Furthermore, since the auxiliary wings 6A and 6B are respectively secured to specific positions higher than the bottom of the twin-hull structures 3A and 3B, in contrast with hydrofoils 4 and 5 which are respectively secured to narrow space of the bottom domain, the auxiliary wings 6A and 6B can easily be secured to the predetermined positions.

Furthermore, since the auxiliary wings 6A and 6B are respectively exposed above the water surface while the twin-hull boat 1 cruises at a high speed, the physical condition of the auxiliary wings 6A and 6B can be checked via visual inspection to facilitate maintenance and inspection work.

Furthermore, unlike any conventional twin-hull boat requiring adjustment of the angles of the installed hydrofoils whenever the boat cruises above the water surface, the novel twin-hull boat 1 according to the invention dispenses with such a device otherwise needed for adjusting angles of the installed hydrofoils, thus resulting in reduced cost.

When implementing the first embodiment, the auxiliary wings 6A and 6B are secured to internal walls of the twin-hull structures 3A and 3B so as to project inwardly facing the hull center line CL. However, as indicated by double-dotted imaginary lines shown in FIG. 1, the auxiliary wings 6A and 6B may also project outwardly from the external walls of the twin-hull structures 3A and 3B. Depending on circumstances, it is also possible for the twin hull boat of the invention to provide two pairs of auxiliary wings 6A and 6B on both the internal and external walls of the twin-hull structures 3A and 3B projecting horizontally inwardly and outwardly.

Next, referring to FIGS. 6 through 12, another structural feature of the novel twin-hull boat according to the second embodiment of the invention is described below.

The reference numeral 21 shown in FIG. 6 designates a twin hull of the twin-hull boat equipped with a pair of hydrofoils, where twin-hull structures 23A and 23B are provided on both sides of the main hull structure mounting deck thereon.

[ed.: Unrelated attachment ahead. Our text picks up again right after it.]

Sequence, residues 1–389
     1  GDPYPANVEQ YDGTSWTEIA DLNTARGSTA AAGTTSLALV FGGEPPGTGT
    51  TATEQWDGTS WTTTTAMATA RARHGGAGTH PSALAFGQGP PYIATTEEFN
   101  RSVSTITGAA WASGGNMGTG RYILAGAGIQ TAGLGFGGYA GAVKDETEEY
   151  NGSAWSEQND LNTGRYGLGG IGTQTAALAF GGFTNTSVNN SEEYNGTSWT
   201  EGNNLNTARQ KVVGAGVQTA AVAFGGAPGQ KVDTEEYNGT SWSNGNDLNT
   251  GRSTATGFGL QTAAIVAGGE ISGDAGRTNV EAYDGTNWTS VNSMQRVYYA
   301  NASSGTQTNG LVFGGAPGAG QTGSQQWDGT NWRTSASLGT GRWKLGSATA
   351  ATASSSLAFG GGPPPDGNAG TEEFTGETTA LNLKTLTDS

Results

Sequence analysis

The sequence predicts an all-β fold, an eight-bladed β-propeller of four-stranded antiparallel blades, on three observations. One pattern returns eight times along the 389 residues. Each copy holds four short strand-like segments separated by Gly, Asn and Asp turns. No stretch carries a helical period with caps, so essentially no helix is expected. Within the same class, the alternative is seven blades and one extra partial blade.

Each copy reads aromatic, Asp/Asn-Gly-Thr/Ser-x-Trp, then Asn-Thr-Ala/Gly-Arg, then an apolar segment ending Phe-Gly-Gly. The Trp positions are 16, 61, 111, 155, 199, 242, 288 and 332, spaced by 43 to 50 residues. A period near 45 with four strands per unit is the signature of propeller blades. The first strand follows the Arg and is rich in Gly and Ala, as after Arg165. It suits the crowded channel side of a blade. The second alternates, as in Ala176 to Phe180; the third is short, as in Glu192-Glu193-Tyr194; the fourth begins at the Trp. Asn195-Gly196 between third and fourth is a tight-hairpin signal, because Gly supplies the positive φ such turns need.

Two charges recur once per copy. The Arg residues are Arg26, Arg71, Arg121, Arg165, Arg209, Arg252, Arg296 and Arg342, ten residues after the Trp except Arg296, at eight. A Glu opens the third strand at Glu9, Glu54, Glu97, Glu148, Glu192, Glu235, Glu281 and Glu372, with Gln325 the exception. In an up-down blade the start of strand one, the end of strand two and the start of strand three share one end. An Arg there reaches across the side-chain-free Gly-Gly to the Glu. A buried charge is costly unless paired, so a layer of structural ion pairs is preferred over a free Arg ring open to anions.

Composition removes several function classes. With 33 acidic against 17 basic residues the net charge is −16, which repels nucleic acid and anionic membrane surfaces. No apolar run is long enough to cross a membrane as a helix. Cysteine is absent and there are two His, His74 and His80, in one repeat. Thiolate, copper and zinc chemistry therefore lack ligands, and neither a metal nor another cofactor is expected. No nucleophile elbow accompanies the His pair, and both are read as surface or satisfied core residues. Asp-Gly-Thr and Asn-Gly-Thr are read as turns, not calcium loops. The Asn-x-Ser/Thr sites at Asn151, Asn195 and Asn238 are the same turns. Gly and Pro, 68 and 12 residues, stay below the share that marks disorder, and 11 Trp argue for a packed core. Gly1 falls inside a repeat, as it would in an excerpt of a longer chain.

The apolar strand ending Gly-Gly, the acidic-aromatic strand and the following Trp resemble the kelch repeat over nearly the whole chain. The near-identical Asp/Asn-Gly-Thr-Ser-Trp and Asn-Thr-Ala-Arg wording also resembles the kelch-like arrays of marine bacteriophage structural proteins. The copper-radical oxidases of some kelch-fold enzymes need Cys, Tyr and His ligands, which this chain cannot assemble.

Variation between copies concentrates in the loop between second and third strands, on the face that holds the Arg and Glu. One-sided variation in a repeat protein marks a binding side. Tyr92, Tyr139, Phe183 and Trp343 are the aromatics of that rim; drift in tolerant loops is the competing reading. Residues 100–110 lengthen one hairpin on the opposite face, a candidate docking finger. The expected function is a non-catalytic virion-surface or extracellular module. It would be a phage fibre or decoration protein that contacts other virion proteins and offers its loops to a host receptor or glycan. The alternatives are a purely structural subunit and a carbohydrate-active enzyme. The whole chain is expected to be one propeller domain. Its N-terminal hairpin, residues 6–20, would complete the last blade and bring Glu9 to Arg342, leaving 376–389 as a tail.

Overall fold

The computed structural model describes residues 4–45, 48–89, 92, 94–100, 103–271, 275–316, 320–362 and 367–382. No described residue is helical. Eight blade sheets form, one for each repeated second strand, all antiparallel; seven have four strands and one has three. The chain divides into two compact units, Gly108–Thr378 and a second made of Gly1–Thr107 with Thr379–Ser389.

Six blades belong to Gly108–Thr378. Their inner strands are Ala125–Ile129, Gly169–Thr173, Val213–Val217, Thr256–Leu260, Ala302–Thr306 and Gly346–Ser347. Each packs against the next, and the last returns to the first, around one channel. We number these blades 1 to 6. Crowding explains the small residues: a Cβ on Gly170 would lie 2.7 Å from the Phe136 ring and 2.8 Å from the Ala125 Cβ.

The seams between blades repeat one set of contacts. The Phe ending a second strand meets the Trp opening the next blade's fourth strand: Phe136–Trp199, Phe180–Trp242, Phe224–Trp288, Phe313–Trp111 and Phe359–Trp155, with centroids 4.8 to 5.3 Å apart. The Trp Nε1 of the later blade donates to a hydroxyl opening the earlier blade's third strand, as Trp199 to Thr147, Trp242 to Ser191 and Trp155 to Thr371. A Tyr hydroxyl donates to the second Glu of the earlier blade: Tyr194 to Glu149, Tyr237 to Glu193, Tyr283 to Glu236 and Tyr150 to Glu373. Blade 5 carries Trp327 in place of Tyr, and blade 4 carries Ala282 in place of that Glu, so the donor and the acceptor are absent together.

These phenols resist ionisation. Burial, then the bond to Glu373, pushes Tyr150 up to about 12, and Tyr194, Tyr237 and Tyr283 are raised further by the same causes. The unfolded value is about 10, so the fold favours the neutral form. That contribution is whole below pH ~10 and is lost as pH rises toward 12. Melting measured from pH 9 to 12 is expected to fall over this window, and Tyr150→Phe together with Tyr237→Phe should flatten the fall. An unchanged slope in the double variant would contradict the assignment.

As shown in FIGS. 7 through 11, a pair of rear mounts 25 for securing a stern-side hydrofoil 24 are respectively set to the bottom of each keel 23a of the twin-hull structures 23A and 23B, the distance M being substantially 5% of the total length L between the stem and the stern of the twin hull 21.

More particularly, the center of each of the rear mounts 25 is set in order that (M/L) can be within substantially 5%.

As shown in FIG. 10, each of the rear mounts 25 consists of a perpendicular member 26 secured to the bottom surface of the keel 23a of the twin-hull structure 23A and 23B and a horizontal member 27 which is horizontally linked with the bottom surface of the perpendicular member 26. The bottom surface of the horizontal member 27 makes up a junction surface 28 having curvature in the longitudinal direction.

The stern-side hydrofoil 24 is horizontally secured to the rear mounts 25 and fully submergible in water. A pair of auxiliary wings 29 are respectively secured in trailing edge positions close to both edges of the stern-side hydrofoil 24, and the auxiliary wings 29 are swingably driven independent of the hydrofoil 24.

A pair of fin units (these may be called skegs) 30 are respectively secured to both edges of the stern-side hydrofoil 24. As is used for making hydrofoils, high-tensile steel plates are used for making the fin units 30. The fin units 30 are thinly structured to minimize their weight.

The stern-side hydrofoil 24 and the fin units 30 are respectively secured to the bottom of the junction surface 28 of the rear mounts 25 on both sides by means of bolt 31. The center of the stern-side hydrofoil 24 is supported by a strut 32 vertically projected from the bottom center line CL of the main hull 22.

As shown in FIG. 9, a drive unit 33 for swingably operating the auxiliary wings 29 consists of a wing-control cylinder 34 such as an oil-pressurized cylinder which is disposed inside of the bottom domain of the twin-hull structures 23A and 23B. The tip of a rod member 34a of the wing-control cylinder 34 is linked with a rotary shaft 35 for supporting each of the auxiliary wings 29 by a lever unit 36. In association with the reciprocation of the rod member 34a of the wing-control cylinder 34, the auxiliary wings 29 swing vertically. The reference numeral 37 designates a body making the water flow smooth.

As shown in FIGS. 6, 11, and 12, a pair of front mounts 42 for securing a stem-side hydrofoil 41 is set to the bottom of each keel 23a of the twin-hull structures 23A and 23B, the distance N being substantially 60 through 70% of the total length L in the longitudinal direction of the twin hull 21.

More particularly, the center of each of the front mounts 42 is set in order that (N/L) can be within substantially 60 through 70%. Structurally, the front mounts 42 are identical to the rear mounts 25.

The stem-side hydrofoil 41 is V-shaped and fully submergible in water, and is secured to the junction surfaces of the front mounts 42 by bolts.

The center of the stem-side hydrofoil 41 is supported by a strut 43 vertically projected from the bottom center line CL of the hull 21.